Review by Derrick Carter

Running Time: 1 hour 30 minutes

MPAA Rating: PG for some Violence

TuckEver poster

Directed by: Jay Russell

Written by: Jeffrey Lieber & James V. Hart

(based on the novel TUCK EVERLASTING by Natalie Babbitt)

Starring: Alexis Bledel, Jonathan Jackson, Ben Kingsley, William Hurt, Sissy Spacek, Scott Bairstow, Amy Irving & Victor Garber

I still remember studying TUCK EVERLASTING in Elementary School. Though I only read the book once, it had enough of a lasting impact to stick in my mind. What’s really surprising is that this acclaimed children’s book has only been adapted into film twice. There was a 1981 little-known flick and this 2002 Disney version. As with many book-to-film adaptations (especially those backed by Disney), changes have been made to the source material. TUCK EVERLASTING hearkens back to a riskier time for live-action Disney fare. This may not be as dark as SOMETHING WICKED THIS WAY COMES or WATCHER IN THE WOODS, but there’s definitely a more sinister side to this fairy tale. Ironically enough, TUCK EVERLASTING is more likely to entertain adults and preteens, than many kids. There’s nothing wrong with that at all. Don’t go in expecting a cutesy, glowing fantasy that’s safe for the entire family. Rather, expect a fairy tale with a dark side, high concepts and deep questions.


The time is 1914. Winnie Foster is a 15-year-old girl smothered by her rich parents. Winnie’s overly protective mother wants her daughter to be a “proper” woman, but Winnie just wants to explore the world around her. After a particularly nasty argument between child and parent, Winnie gets lost in the woods surrounding her family’s house and stumbles upon a teenage boy drinking from a mysterious spring. The boy is Jesse Tuck and the spring happens to be the fountain of youth. Worried that she will reveal the life-giving spring, Jesse’s family decides to “kidnap” Winnie. As she spends time with this family of four, Winnie begins to fall for Jesse. Meanwhile, a menacing stranger is on the hunt for the immortal Tuck family…and their life-giving water.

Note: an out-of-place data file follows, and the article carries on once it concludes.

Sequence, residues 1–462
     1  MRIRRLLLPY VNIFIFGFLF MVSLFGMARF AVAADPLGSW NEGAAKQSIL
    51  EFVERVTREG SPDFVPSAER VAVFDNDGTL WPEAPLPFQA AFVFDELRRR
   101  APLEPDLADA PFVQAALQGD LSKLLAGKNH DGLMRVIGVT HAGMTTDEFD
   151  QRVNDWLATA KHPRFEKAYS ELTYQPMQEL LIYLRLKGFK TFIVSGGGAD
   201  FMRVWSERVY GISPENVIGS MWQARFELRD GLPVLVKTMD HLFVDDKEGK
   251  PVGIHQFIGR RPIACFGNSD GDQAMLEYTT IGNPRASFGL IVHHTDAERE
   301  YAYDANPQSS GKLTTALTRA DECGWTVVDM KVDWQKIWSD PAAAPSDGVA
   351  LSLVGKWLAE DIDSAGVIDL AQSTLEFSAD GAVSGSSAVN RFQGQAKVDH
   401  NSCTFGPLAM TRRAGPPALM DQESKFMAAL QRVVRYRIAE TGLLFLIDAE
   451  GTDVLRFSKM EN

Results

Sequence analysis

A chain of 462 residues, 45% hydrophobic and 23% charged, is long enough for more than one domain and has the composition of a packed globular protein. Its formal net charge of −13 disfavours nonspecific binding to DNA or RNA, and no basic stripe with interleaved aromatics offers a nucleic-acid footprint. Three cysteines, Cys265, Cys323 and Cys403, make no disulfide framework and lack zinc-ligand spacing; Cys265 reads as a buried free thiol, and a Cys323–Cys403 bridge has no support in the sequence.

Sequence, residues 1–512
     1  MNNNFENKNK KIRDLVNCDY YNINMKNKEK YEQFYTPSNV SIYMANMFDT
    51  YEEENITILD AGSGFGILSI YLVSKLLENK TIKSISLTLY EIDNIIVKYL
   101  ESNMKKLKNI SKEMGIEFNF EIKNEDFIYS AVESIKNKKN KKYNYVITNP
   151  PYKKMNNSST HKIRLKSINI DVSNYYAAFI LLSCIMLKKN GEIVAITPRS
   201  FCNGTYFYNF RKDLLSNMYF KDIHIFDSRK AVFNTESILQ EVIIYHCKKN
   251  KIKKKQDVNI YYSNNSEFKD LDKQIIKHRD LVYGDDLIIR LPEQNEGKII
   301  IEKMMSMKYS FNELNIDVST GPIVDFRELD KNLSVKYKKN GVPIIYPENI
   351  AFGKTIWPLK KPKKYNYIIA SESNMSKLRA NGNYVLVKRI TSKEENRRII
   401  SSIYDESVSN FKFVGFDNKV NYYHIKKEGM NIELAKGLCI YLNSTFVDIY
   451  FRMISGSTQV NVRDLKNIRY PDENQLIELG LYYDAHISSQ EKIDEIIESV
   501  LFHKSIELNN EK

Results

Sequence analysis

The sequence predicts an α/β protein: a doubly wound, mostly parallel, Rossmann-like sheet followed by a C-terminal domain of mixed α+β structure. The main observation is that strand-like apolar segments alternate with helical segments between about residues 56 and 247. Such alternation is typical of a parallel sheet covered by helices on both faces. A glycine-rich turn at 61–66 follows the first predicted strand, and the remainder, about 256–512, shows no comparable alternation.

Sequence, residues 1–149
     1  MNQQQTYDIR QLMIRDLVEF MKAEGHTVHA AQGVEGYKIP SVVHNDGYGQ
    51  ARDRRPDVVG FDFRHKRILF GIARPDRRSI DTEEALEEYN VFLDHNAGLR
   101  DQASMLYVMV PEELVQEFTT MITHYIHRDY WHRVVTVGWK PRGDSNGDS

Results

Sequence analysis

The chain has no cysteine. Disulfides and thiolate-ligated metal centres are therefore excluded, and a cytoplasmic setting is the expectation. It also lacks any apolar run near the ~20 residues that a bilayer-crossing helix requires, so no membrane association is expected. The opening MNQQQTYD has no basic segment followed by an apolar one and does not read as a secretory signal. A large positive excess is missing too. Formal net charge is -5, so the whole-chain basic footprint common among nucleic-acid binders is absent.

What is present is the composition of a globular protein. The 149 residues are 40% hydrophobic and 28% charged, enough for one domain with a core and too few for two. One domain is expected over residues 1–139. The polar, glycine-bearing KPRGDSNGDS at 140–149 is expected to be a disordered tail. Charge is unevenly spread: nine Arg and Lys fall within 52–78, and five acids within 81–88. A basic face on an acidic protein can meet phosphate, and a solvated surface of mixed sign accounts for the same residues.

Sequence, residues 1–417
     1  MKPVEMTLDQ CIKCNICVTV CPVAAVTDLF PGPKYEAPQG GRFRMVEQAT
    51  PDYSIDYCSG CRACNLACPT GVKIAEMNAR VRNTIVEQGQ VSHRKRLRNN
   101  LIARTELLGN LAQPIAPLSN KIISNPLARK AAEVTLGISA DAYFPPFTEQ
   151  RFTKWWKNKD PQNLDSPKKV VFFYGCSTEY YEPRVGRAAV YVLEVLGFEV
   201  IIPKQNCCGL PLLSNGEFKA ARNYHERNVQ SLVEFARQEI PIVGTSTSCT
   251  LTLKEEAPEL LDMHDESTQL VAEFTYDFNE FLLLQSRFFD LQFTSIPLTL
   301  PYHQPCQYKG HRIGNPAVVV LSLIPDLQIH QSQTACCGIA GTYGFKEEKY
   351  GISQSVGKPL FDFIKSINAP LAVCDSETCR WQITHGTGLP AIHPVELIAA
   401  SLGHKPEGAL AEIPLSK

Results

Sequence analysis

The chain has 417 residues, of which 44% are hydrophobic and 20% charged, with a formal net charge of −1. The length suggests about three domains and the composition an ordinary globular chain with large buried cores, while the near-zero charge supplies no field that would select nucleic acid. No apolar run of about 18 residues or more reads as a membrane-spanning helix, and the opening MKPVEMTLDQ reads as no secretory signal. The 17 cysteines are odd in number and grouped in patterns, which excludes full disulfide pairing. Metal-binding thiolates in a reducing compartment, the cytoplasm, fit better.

The plot initially seems like a fairly straightforward fantasy-romance, but deeper themes about what it means to be alive and impending death also permeate through this story. There’s a fantastical atmosphere hovering over every frame. For the most part, the cast really sell their characters. I haven’t seen her in many notable roles, but Alexis Bledel is great as Winnie. Sissy Spacek and William Hurt, though underused, are perfectly cast in the roles of Jesse’s parents. Scott Bairstow is a scene-stealer as Jesse’s brother who sees eternal life as much more of a curse than a blessing. However, Jonathan Jackson is mighty bland as Jesse and takes on the role of a character who is probably the second most important person in the story. Jackson’s wooden delivery turns the character of Jesse into only a bland romantic lead and nothing else. This also results in would-be chemistry between himself and Bledel feeling totally unconvincing. The romance is rushed, but there isn’t a terribly long amount of time dedicated to it. Running at only 90 minutes, TUCK EVERLASTING has a lot of material to get through in a short amount of time.


Despite my last comment about TUCK EVERLASTING running at only 90 minutes, there are a couple of moments that do drag. These are definitely the romantic scenes between Winnie and Jesse. The opening 15 minutes or so feel very rough as well with choppy editing. Things get much smoother once Winnie actually meets Jesse, though there are two distinct moments of clichéd slow-motion. A more sinister quality can be much appreciated with Ben Kingsley filling in the role of evil villain. He isn’t given as many scenes as one might hope, but Kingsley brings a higher quality to the film for every minute that he’s on the screen.


TUCK EVERLASTING is far from perfect, but amounts to wholly enjoyable time well spent. An unusually mature tone makes TUCK a nice change of pace from the overly safe typical live-action Disney fare that we see so much of these days. The romance is forced thanks to a bland performance, but more serious and interesting parts of the story remain firmly in tact…creative licensing aside. TUCK EVERLASTING is not as potentially great as it could have been, but it’s the best film adaptation we can hope for (until someone eventually tries to give the material a third cinematic attempt).

Grade: B

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